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Stanford 2018 Race Report

Race Report by Zach Jones

Stanford was a breakthrough race for me last year. It was where things really started together– which is to say nothing went totally wrong. I didn’t lose my bike, I did a flying dismount and I even survived a hailstorm. It was my best race of the 2017 season and it was a speck of hope that I was advancing forwards. This year was much the same plus a few new things and minus the hail. There was an inspiring improvement between this year and last as well. Sure, you can take into account the lack of rain/wind/hail and a very slightly different course, but the overall improvement was still amazing going from 1:16:35 to 1:06:38, a savings of 9 mins and 58s that advanced me 41 places in one year’s time! So I’ll do the same thing I’ve been doing here, keeping a keen eye on how I have to prepare for MTS at the end of the month and Nationals further down the line.

Swim– 11:29 (2:49 improvement): Wow that was a great swim! The best absolute place I’ve ever received by far (16/97 men). I think I owe my success here to good form, consistent work and freezing water. I made sure to keep my body rotation good, tried to maximize extension and tried to keep a modest kick up for the duration. More of the same for MTS please. I don’t really have anything I want to change about that swim. Maybe a little more drafting practice and wetsuit practice is all.

Bike– 33:36 (3:41 improvement): This split wasn’t horrible by any means, but it also felt like my least successful leg. Rankings validate this feeling as well but it was fast enough to hold off plenty of people who I outswam (and thank goodness this was a race where the swim actually mattered!). I need to keep riding my TT at trainer and probably try to get it fit before MTS. Fitnesswise, I’m not going to get a lot better than I am at this point. I just don’t have the time to get better at Olympic distance. But what I can do is make sure I don’t headcase my way to a bad ride but doing nice focused efforts at Olympic or above pace. I think stuff like 3 Bears or SPDR or maybe even Tunnel are perfect for this. Sections long enough where you have to think about the pace and make sure it is sustainable. Trainer can also be good for this, but I’m also interested in building my biking attention span, which is presently kinda of small. Hopefully MTS will be like Stanford in the sense that I had plenty of competitors around me to keep my mind busy. An Olympic distance bike definitely my biggest worry for the rest of the season but I got the bike to make it as easy as possible so I just gotta make sure I’m comfortable with that and do the best split my body is capable of.

Run– 19:57 (1:33 improvement): This was the most motivational part of the race, racing stride-for-stride with Rohan all the way through. It was not particularly fast in relative or absolute terms, but it was certainly painful. I didn’t leave that run thinking at had anything left on that day. But how am I going to energize myself and make sure I run a run that I am capable of? And how do I do that for 6 miles. I have two main recommendations to myself: Firstly, run off the bike of Saturdays because it mimics the utmost fatigue you feel at the end of a triathlon. I don’t feel like I need to go at a race-pace to make this worthwhile, but just a simulation of what it feels like. Secondly, making sure that long run gets done. It’s kinda too late to do anything wild without getting injured before MTS but I would feel comfortable doing around an hour in order to again get a feel for running while fatigued. I think practicing these things will maybe not make the run easier, but will make my body more accustomed to the sensation of running whilst heavily fatigued.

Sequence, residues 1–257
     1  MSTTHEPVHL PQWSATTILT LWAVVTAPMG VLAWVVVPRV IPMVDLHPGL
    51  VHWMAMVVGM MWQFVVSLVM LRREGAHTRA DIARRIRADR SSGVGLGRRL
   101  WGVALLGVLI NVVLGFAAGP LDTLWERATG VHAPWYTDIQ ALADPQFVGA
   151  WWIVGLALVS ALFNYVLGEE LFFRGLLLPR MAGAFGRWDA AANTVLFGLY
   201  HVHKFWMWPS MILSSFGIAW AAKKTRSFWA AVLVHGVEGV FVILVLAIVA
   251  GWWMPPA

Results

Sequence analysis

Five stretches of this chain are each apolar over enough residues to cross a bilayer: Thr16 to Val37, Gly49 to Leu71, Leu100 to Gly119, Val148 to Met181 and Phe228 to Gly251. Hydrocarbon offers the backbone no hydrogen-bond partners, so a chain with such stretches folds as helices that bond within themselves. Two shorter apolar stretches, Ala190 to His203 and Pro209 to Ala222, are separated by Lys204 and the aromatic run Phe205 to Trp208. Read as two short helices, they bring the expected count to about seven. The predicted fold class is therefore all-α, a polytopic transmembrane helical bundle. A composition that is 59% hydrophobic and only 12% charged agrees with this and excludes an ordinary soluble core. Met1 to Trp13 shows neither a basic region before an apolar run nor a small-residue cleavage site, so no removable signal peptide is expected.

Transitions note: Remember how I said my transitions sucked at UCSD? Well they were great this time! That is also quite a bit because of the brilliant scouting of Coach Jason, but I also like to think that riding up and down the street for 45 mins practicing mounts/dismounts might’ve had something do to with it. This was my first flying mount, which went okay but not great. But practice makes perfect! It was astounding how much this actually mattered in the overall scheme of things. I would not have gotten nearly as high overall with poor transitions. As for the no shoes debacle, just loosening the laces seemed to help and I could also take a tip from Jeremy and only lace every-other eyelet.

Summary:  My title here is in reference to a few things. It is mostly a reference to the fact that I got to complete this race alongside all my teammates. And not just watching them from the other side of the out-and-back. Like running, biking and swimming alongside them all. It was incredibly motivating and it allowed me to focus unlike any race I’d done previously. It also of course reference the incredible network of triathletes on this team who are always searching to make each other better. So yeah, go bears! There’s certainly a lot I have to work on in order to be comfortable at Olympic and I am admittedly pretty nervous about the jump. But I hope that this process can be the beginning of improvement. Now all I gotta do is get out there and keep working!

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